So, I think social media is a great way to reach out to different audiences. I think it’s a great way to get the messages out. You know, you can put messages out; you can link back to different parts of our website that really need to be featured and highlighted so that there are areas of what people want to learn more about; and then of course, if you are really interested in the most recent articles in hepatitis B, it’s an easy enough to link out to those so that you are not doing the work for it.

Kristine Alarcon, MPH:
So, it’s just like another type of way to easily disseminate information and get it more widely available to everyone.

Maureen Kamischke:
Yes.

Kristine Alarcon, MPH:
So, you’ve made so many connections across the globe in regard to hepatitis B partnerships, so what do you think the future looks like in the elimination of hepatitis B?

Maureen Kamischke:
Well, I would have to say that on behalf of myself and all of our friends around the world, we’re all waiting for the cure, but until that time, there’s a lot that we can do. We have a lot of good treatments available. There’s a lot of information that needs to be disseminated. There are a lot of issues with stigma and discrimination. And hopefully, social media can help decrease the amount of stigma and discrimination by educating people, allowing them to learn more about the disease, more about the people that are living with it. It’s devastating the impact of the disease that it has on people, and this is a great way to reach out to them.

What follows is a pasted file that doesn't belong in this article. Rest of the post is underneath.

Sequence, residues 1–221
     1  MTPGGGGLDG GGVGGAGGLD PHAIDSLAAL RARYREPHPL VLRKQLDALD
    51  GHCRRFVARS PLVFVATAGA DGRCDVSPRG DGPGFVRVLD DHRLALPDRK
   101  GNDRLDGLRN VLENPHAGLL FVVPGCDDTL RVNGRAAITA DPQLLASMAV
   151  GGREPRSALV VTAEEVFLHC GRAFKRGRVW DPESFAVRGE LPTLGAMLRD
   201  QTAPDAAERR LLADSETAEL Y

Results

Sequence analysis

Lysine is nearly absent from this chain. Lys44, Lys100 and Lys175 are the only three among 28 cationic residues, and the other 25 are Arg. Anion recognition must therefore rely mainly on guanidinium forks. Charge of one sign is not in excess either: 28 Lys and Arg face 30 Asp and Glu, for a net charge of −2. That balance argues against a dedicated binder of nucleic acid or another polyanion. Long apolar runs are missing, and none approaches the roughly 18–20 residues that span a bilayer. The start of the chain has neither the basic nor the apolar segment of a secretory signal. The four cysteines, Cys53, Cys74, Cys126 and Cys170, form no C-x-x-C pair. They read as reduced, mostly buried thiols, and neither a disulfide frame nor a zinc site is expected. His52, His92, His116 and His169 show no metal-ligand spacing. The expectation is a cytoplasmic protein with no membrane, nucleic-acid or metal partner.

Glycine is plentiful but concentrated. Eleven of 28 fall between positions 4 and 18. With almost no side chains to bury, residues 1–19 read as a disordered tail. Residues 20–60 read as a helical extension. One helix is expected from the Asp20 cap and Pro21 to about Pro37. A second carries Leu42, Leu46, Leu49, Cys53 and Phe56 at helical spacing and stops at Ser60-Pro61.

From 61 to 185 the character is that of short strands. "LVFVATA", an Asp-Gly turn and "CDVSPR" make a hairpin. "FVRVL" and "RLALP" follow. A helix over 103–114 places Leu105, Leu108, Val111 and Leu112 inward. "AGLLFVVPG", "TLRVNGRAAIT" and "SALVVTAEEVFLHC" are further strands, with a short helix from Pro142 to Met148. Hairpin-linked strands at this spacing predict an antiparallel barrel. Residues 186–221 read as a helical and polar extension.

Kristine Alarcon, MPH:
Thank you so much for all your efforts. Be sure to join us on our next episode of “Journey to the Cure.” Just wanted to thank Maureen again for all of her time and all of her efforts in conveying such wonderful information around the world.

If Hepatitis B Is Sexually Transmitted, How Come My Partner Isn’t Infected?

Image courtesy of Canva

I thought hepatitis B was sexually transmitted? I just tested positive, but my partner tested negative, we’ve been together for years, what gives?